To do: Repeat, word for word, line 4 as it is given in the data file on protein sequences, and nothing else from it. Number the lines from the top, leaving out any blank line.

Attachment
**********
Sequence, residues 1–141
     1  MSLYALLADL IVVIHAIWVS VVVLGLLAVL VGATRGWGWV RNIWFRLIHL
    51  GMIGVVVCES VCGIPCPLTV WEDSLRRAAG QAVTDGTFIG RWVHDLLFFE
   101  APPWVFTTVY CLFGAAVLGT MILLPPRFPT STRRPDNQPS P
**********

   101  APPWVFTTVY CLFGAAVLGT MILLPPRFPT STRRPDNQPS P